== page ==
In Cambridge, Massachusetts, the general order for the day at the American camp calls for the colonel of each regiment to identify the number of firearms needed by his men, and a method for obtaining them.
Meanwhile, Thomas Nelson writes to Thomas Jefferson about the difference between the newspaper accounts of the Battle at Quebec and what he observed, deciding to defer in favor of the newspaper’s chosen reality: “I had written to you soon after the repulse of our Troops at Quebec, giving you, as I thought, a true state of that unfortunate affair; but upon comparing it, (altho I had my information from a person who pretended to know a good deal of the matter) with one that I saw afterwards, I found they differ’d so materially that I burnt my Letter and determin’d to leave you to the News papers for your intelligence.
We have late advices from England, which you will see in the inclos’d papers. I had rather send you a dozen Ledgers and Evening Posts, than transcribe three paragraphs out of them. But I have good News for you, which neither of these papers contains. A Vessel arriv’d two nights ago with 60 Tons of Salt Petre, 13 Tons of Gunpowder and 2000 Stands of Arms and we are in daily expectation of 25 Tons more of Gun powder.
Troops are marching every day from hence to support the remains of our Army before Quebec. The Eastern Governments are raising Men for the same purpose. One Battallion has already march[ed] from Connecticut, so that We are still in hopes of reducing the Garrison before it can be reliev’d in the Spring.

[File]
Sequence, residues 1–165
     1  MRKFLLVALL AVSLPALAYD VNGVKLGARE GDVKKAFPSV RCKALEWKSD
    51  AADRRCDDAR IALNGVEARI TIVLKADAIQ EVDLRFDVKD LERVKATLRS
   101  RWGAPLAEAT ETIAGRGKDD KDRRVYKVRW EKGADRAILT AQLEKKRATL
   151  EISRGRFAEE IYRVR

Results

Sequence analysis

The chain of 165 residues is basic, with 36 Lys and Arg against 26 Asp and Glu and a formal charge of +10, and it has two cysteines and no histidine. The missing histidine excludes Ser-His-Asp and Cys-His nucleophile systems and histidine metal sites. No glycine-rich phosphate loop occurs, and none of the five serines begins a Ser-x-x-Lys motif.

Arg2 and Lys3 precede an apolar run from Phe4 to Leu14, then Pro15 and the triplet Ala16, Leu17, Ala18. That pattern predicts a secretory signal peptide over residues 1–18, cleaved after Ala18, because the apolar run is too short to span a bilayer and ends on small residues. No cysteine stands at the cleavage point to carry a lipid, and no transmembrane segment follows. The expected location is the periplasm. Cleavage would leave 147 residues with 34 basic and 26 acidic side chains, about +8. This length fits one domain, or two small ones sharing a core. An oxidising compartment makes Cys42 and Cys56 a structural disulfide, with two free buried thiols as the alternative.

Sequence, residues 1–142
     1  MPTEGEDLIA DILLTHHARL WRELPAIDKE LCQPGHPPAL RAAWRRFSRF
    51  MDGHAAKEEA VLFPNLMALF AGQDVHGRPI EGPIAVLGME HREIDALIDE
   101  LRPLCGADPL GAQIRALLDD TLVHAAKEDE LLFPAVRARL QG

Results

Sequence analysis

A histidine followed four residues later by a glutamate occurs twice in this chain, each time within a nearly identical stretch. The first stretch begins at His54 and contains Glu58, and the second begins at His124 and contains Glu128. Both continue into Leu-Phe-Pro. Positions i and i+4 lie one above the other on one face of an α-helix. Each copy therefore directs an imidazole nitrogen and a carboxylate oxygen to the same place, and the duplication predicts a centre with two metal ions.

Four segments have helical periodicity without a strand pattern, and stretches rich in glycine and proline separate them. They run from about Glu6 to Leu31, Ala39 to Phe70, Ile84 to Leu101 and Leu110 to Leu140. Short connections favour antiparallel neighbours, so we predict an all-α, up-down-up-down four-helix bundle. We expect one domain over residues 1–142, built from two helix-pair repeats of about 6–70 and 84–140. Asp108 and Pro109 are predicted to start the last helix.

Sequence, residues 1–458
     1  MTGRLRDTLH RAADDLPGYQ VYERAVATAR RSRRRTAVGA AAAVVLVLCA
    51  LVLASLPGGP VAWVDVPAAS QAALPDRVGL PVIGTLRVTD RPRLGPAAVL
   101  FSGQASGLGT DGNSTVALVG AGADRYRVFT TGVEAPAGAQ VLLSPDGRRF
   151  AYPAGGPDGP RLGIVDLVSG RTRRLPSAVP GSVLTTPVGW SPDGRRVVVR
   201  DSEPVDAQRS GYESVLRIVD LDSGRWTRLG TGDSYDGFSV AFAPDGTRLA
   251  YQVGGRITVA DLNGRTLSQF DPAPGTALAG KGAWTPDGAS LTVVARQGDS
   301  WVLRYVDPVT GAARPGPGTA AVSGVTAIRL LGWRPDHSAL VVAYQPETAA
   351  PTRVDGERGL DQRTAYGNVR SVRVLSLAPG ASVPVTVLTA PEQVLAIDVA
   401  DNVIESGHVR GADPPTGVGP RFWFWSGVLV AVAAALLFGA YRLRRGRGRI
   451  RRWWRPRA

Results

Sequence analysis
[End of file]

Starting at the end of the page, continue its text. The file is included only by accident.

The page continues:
General Washington has sent Major General Lee [to] New York at the head of 1200 Volunteers from Connecticut to defend that Province against a detachment sent from Boston, which the General was informed by a deserter, was certainly intended for that place. The Deserter, I fancy, was mistaken, sufficient time having elaps’d since they sail’d for their arriving there, and we have no account of them. The Committee of safety of New York however sent a remonstra[nce] to Lee setting forth the extreme danger the City would be in from the Men of War, should he ente[r] it, and especially as they were apprehensive he intended to make an attack upon the Ships. Lee sent the remonstrance to Congress and wrote the President that he thought it his Duty to carry his Orders into execution, which he was preparing to do with the first division, the rest of the Troops being ready to support him. The Letter and remonstrance being read, a violent debate arose on one side as to the propriety of an armed force from one province, entering another without permission of the civil power of that province, or without express orders of Congress. It was alledged that this was setting up the Military above the Civil. On the other side was urged the absolute necessity of securing that province, the loss of which would cut off all communication between the Northern and Southern Colonies and which if effected would ruin America. The debate ended in the appointment of a Committee of Congress to confer with Lee and the Committee of Safety. Harrison, Lynch and Allen were the Committee and they sat out the next day upon their Ambassy, but what the result has been we are not inform’d, not having heard from them since they went.”